Rafael Morillo, Chief Marketing Officer at Amplía)))
It is famous now how you can do a car hack and could be trending topic in social media these days. Some hackers were able to manipulate, remotely, several features of a Jeep while driving. I read this article “Hackers remotely kill a jeep in the highway” while media was paying a lot of attention to it, probably because it affected a first-class brand, widely used. Very interesting read with description on the hack, that go from the wipers to the transmission and breaks. Lessons learned from this car hack:
Lesson n.1: Minimize communication from the infotainment system to the vehicle’s core system. Entertainment and core functions should be in different systems and different networks, but this is not completely possible due to basic features like reading consumption on the display or adapting the lighting behavior. Solving this flaw will only be possible if designers think of security and then in functionality.
Lesson n.2: Isolate internet applications from the rest of the system.
Again, a good design will have to avoid that the application capable of downloading songs or traffic status can access the firmware where access to the CAN bus is granted. This disables OTA updates, which indeed is helpful, but the question is if it is worth it at this point.
Lesson n.3: Do not allow any kind of firmware to be uploaded.
Obvious, but not taken into consideration this time. The ability to upgrade the firmware is a basic capability for a car these days. But the hackers being able to put any kind of software inside is a big mistake. Moreover, the signing procedure should also be complete, and security being at maximum.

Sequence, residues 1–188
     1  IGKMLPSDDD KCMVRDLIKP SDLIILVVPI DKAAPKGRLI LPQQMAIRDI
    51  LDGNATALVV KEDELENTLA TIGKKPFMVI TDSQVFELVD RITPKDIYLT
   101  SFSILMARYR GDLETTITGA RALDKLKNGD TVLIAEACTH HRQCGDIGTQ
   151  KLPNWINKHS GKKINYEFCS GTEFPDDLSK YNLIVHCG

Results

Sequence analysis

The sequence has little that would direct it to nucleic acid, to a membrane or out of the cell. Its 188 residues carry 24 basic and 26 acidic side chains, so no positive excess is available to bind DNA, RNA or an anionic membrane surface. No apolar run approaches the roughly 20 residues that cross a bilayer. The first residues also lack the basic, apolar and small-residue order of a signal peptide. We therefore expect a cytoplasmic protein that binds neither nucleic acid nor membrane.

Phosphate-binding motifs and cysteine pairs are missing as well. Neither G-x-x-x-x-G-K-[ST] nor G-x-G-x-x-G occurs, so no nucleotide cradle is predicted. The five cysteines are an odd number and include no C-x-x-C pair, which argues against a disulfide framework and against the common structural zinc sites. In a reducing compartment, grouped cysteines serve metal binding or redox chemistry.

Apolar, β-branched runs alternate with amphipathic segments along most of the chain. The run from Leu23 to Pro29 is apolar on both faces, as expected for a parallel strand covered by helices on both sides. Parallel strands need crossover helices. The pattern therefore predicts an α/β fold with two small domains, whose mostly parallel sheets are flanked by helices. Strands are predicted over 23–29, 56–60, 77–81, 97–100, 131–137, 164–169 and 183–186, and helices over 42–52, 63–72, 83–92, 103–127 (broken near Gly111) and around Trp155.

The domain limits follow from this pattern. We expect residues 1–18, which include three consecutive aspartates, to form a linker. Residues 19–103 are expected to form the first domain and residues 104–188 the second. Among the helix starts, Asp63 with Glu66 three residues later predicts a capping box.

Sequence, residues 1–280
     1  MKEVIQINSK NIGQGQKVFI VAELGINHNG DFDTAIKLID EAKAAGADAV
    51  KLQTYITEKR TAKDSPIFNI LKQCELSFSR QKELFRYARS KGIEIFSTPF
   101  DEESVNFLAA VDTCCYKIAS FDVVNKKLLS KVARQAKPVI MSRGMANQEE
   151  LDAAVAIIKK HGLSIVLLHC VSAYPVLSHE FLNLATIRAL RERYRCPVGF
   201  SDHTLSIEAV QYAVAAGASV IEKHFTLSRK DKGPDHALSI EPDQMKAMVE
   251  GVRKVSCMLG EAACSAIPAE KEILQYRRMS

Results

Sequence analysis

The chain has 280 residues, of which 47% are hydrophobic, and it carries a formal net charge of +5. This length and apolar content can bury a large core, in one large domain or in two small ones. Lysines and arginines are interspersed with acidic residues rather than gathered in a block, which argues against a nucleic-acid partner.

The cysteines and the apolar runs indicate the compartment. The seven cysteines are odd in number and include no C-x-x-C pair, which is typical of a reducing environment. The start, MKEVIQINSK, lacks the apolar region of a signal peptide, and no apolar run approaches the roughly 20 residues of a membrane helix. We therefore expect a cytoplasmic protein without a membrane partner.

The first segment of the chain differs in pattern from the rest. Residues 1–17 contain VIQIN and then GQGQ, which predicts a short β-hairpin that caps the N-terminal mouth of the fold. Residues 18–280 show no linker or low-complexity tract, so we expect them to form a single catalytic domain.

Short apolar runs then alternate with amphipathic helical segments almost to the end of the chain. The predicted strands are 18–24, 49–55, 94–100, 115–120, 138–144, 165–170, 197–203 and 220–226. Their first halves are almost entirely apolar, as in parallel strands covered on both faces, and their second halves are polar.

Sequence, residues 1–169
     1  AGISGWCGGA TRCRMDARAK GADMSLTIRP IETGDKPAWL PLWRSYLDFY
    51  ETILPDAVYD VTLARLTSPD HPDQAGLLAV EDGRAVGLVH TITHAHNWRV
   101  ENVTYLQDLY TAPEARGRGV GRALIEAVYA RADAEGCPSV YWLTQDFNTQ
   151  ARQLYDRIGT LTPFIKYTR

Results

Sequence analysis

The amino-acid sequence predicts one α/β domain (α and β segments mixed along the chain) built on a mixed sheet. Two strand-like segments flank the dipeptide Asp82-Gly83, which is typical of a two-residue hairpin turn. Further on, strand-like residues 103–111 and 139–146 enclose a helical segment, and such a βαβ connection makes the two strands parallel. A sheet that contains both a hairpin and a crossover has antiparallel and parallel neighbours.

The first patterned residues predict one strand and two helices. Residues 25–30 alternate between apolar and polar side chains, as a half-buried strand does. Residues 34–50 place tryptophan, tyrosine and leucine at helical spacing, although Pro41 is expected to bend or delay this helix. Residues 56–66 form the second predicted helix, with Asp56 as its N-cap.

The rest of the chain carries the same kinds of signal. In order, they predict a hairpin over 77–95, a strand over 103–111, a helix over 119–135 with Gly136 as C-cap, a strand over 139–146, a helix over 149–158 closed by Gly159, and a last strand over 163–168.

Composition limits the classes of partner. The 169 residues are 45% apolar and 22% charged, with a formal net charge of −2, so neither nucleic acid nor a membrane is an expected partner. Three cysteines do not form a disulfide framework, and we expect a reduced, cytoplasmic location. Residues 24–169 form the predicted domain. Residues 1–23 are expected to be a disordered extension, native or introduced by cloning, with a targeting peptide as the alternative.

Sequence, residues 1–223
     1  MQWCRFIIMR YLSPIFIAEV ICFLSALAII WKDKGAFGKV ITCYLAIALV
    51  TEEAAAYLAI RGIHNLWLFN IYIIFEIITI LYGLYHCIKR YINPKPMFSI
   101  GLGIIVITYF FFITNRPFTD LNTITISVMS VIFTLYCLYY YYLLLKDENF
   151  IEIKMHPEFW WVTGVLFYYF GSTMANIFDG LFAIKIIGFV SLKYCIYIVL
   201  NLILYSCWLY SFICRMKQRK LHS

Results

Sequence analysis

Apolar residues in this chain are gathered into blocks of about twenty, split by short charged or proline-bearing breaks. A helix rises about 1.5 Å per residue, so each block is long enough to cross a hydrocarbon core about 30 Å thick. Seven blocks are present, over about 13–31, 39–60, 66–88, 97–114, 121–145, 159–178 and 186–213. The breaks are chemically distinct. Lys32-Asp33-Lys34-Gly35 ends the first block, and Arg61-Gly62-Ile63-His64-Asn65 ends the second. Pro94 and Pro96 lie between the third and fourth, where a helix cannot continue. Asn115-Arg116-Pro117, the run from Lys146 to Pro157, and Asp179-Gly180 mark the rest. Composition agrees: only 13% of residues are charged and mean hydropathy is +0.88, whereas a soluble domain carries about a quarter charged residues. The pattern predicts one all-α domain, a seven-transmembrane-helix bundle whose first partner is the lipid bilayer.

Lesson n.4: Public networks and private networks.
Having vehicles connected to the internet opens doors to potential hacks. Although being connected is needed to have online content, there is the change of having car makers use private VPNs and offer internal access to services. My humble suggestion is to enable different isolated accesses: one private for access to critical services, and on the public for entertainment and traffic.
Lesson n.5: After sales upgrade performance.
In the case study mentioned, the carmaker decided to patch the car using a USB stick. This implies that there might be vehicles that will never get the patch, simply because they don’t understand the procedure, or simply they fail to receive the update. OTA upgrades, if existing, should be done automatically and securely following strict workflows and authorisations. This will speed up patching for preventing future problems.
Thanks to this research, the automaker has fixed and recalled all the vehicles, other carmakers have increased the awareness on security, governments have launched programs and intend to create specific regulations, and overall concerns on security has increased. This doesn’t mean that we are secure now, but at least the potential dangers have been identified, and all the Internet of Things community is now, maybe more than ever, aware of security thanks to this kind of example. But time will take until we are all secure using connected objects since there are many hackers, many systems, and many options.
Companies moving to the Internet of Things will have to do as we have done until now: have a special unit dedicated to security, either to prevent, detect and correct flaws. Then the company workflows must be designed to answer back quickly to the threat and avoid unwanted situations.
How could you avoid having your devices hacked? Do you see the need of using an IoT platform to solve security issues?
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